Sunday 08 December 2013 12:34 UTC
Polite discussion about EASA, the CAA, the ANO and the delights of aviation regulation.
Please keep it polite!
That would indeed have been the outcome of hanging the anti N-reg proposals on the residence (or better still the citizenship ) of the pilot, yes.
A good job opportunity for Croatians and Albanians
I still can't work out where the non EU EASA members fit into all this. Example, Norway. Everything refers to the EU so if I was "resident" in Norway would I be a resident of the EU or not with regards to EASA? Or even Alderney come to think of it? Should I start looking for a house in Alderney and de-resident myself from the UK? I could still spend 3 months in the UK and be non resident.....
Norway and the CI are both covered by EASA as they are EASA member states and therefore subject to the same regulation. There are a number of states that are technically not EU but are EASA.
The whole thing is a real buggersmuddle. We have had an odd problem at work with certain of our Euroepan pilots who hold JAR FCL Licences where the CAA have said they would not recognise them. This was because their CAA did not bother to do what the UK CAA did and state that a FCL licence was to be considered a Part FCL licence as they started issuing new Part FCL licences from April. This meant that suddenly the old licences were no longer compliant!! This means from 1st July unless they are replaced with the Part FCL licence there are going to be a lot of delayed flights for airlines like Whizz who will have crews without licences! This has left them having to rush through an approval with the commission to cover them until they get the Part FCL licences issued!!! This licence issue has started but is going to take them ages get sorted.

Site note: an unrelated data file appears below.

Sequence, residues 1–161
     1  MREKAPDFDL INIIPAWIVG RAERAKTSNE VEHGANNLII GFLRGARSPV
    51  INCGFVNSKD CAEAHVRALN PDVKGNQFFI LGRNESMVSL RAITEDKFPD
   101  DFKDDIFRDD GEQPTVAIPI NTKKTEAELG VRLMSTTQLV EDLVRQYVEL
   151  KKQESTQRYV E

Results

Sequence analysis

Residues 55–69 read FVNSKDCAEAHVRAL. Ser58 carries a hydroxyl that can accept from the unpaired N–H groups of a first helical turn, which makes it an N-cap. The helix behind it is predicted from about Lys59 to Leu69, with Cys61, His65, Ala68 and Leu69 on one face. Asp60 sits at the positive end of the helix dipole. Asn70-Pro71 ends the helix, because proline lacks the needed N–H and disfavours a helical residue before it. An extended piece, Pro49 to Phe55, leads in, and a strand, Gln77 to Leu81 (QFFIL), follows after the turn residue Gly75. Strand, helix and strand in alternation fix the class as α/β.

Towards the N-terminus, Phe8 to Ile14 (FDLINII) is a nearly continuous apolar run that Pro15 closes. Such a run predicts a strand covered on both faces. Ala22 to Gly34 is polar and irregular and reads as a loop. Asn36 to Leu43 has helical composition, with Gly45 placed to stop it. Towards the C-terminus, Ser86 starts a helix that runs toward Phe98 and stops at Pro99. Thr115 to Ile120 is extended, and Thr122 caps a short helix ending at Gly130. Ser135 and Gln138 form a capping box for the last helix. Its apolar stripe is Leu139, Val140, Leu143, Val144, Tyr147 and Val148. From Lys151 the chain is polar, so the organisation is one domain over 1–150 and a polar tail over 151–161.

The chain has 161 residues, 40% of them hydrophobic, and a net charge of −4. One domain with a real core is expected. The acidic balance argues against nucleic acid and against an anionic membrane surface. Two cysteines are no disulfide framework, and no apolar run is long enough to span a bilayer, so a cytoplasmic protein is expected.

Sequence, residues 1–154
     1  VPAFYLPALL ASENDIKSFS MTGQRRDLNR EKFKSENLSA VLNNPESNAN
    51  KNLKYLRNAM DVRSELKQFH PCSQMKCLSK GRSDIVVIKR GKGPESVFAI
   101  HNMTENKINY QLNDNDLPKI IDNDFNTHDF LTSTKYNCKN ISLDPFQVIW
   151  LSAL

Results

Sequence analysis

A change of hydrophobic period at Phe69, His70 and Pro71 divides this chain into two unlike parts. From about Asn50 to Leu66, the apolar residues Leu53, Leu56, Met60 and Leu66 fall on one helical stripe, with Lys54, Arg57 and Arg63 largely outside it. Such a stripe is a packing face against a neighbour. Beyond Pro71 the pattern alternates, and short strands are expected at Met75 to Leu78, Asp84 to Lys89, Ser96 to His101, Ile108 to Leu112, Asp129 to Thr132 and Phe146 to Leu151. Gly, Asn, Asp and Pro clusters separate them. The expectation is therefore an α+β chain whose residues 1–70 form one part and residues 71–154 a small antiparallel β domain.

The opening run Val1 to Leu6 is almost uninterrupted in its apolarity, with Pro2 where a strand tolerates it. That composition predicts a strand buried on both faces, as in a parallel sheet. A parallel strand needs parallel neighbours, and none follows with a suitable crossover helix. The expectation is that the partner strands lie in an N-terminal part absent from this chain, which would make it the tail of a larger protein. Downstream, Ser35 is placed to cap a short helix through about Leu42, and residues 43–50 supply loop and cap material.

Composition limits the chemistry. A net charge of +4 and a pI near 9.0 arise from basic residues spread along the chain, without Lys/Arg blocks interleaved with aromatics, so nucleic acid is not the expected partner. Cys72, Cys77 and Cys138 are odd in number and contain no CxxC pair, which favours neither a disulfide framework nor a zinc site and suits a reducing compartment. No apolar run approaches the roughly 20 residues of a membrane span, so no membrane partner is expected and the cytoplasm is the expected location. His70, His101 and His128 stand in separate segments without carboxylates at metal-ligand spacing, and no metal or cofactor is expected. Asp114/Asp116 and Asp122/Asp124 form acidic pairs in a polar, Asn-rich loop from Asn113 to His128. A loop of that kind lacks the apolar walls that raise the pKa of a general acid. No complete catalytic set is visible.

Considering we have so long to get this sorted they have made such a hash of it!!
FE, CRE SE/ME, TRE
There has been a lot of c0ckups on this.
One is that flying on a foreign IR used to preserve JAA IR validity indefinitely. This has just ended, so a lot of ex UK airline pilots who went to work in say Hong Kong and want to come back to fly for a UK airline found they have lost their papers and have to re-do their IRs... the 7 or 14 exams, 55hrs at an FTO. Completely stupid.
Switzerland has not filed for any derogations but their CAA assures Swiss pilots who ask that they can continue flying. The bottom line is that while Switzerland has signed up to EASA FCL, it is not in the EU and thus the EU regulation cannot be binding on it. Same for Croatia, but Croatia has the extra problem of EASA not recognising their "JAA" papers...
Presumably Norway is in the same category as Switzerland but I hear that Norway just went ahead and implemented EASA FCL some months ago, apparently summarily grounding their (several) N-reg based pilots.
Denmark may or may not be rubbing its hands, being the only European country with an actual law against long term N-reg parking. Unsuprisingly it is a vague law (reference with a translation on my site, somewhere) and they enforced it with sporadic ~300 euro fines. Now, they have to end this practice because EASA has legalised long term N-reg parking, but the pilots will have to get EASA papers.